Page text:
“Again, drawing from the research we had done for the Wi-Fi project, we wanted to build a software or an infrastructure that connected people. We thought of a small device that could act as a trigger button. On activation, this button can connect to your guardian, police station, or your nearby community, who can come and help instantly. That was the whole idea behind SAFER,” says Banka.
After working on the project for eight to ten months, the young team launched SAFER smart jewellery in December 2014, and within three months, it became quite a sensation in India. The group received multiple national as well as international recognition for their product. When Leaf Wearables was chosen amongst the top 10 innovative startups in India by the Department of Science and Technology, the team accompanied Prime Minister Narendra Modi on his visit to Silicon Valley to participate in the first India-U.S. Startup Konnect in September 2015. Soon, Leaf Wearables became one of the top three selling variables in India.
Banka recalls the emotional and monetary support he and his team mates received from their families when starting the company. “We know they believed in us because all of us had to drop campus placements in order to focus on Leaf full time,” he says.
They also took part in several national and international competitions, in India as well as Singapore, Dubai, and the US, from which they managed to raise around INR 40 lakh. Winning those competitions not only helped them raise the token money, it also gave them a lot of confidence. “It validated our concept, and then we were able to raise the token money and launch the product in the market,” Banka says.
However, it wasn’t all that easy to set up shop for a hardware company in India. Leaf had to find the right kind of manufacturer, who could produce the right kind of small device at the right cost. They traveled to several cities, such as Hyderabad, Delhi, Mumbai, and Bangalore, looking for exactly what they wanted and wasted quite some time.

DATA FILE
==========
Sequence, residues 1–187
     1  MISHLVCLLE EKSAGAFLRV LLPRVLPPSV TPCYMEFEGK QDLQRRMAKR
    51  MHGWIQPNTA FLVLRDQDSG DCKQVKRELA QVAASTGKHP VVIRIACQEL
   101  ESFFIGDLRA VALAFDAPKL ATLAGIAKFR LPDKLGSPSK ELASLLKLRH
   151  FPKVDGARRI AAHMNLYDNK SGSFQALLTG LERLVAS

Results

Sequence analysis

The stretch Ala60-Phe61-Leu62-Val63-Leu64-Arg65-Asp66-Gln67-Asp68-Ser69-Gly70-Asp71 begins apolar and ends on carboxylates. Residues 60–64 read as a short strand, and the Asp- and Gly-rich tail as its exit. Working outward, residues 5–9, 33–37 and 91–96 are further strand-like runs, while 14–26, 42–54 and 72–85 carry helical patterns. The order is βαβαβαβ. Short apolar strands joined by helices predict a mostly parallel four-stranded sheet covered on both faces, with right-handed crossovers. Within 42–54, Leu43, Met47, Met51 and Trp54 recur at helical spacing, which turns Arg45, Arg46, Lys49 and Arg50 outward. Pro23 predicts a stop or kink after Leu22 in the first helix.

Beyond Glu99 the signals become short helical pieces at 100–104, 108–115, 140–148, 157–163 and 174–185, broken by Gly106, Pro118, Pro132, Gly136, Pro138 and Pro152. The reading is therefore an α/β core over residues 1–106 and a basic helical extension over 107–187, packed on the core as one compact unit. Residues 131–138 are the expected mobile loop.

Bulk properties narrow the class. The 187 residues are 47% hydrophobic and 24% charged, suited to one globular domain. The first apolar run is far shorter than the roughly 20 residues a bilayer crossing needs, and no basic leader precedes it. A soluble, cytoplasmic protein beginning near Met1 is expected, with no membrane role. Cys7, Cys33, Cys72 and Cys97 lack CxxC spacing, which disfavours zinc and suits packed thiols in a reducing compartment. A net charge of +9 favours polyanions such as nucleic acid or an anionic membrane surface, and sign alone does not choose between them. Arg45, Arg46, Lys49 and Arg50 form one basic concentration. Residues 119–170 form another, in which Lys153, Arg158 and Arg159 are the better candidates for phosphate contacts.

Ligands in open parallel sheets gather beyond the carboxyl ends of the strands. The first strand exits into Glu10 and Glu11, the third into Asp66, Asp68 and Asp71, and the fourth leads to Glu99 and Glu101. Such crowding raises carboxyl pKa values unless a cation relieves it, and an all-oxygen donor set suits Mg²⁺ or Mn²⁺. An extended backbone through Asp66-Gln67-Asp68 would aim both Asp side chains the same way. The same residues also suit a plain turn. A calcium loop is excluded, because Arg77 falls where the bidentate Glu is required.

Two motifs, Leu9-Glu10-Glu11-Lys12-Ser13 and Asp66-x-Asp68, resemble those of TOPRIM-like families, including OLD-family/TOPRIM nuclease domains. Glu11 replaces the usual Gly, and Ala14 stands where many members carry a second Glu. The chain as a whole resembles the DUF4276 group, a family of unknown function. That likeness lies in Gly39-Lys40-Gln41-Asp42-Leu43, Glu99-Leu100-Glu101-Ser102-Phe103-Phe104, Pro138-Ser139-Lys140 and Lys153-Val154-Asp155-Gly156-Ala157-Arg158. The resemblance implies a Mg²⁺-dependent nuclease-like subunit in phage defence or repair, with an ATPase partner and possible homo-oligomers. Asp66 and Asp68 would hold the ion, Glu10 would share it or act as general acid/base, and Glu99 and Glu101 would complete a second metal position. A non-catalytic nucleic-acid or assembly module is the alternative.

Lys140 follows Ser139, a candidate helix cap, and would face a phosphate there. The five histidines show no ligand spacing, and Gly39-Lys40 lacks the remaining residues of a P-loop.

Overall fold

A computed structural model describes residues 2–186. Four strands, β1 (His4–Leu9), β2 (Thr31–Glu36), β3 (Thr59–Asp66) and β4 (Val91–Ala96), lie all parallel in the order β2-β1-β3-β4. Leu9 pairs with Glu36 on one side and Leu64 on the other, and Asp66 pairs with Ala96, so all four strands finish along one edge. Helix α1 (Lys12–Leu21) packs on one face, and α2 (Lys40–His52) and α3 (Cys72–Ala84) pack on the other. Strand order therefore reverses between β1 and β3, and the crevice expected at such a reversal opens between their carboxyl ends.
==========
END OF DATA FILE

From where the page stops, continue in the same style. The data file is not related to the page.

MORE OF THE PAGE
“That’s why, I still believe that India needs to change its infrastructure for hardware startups to come up and sustain,” says the young entrepreneur.
Another challenge they faced was that they were very young. “We were just five kids out of college trying to build a hardware company. It did get overwhelming at times. It took time, but then we found partners who were focused on solving the problem,” Banka remembers.
On asking why they called their company ‘Leaf’, Banka replies that the concept of the company is that it is simple and elegant outside but has complex technology inside. “If you look at our logo, you see a simple beautiful leaf. A leaf is simple looking, but it is one of the most complex things. It is the only thing that can actually produce food. We too want to make products that are very simple and elegant to use but are loaded with advanced technology folded inwards.”
SAFER can be used as smart jewelry in the form of a necklace and is available in three colors. Leaf products are sold from their website and are also available on Amazon. The cost of a safety pendant is INR 2000, and the products in the audio segment range from INR800 to INR2500. Leaf has plans to launch around three to four more products in the coming months.
As part of Leaf Innovation’s future ambitions Banka revealed that the company is looking at two different verticals. One is the safety vertical, where they are building wearables for safety. This includes kid safety products. Apart from this, Leaf Innovation is entering the digital audio domain, where they are building products that cater to the digital audio market like earphones and speakers. Currently, the team is working on the research and development in the audio domain.
“We have already launched Safer kids, which is a smartwatch for kid safety, and apart from that soon we will be launching something for the elderly.”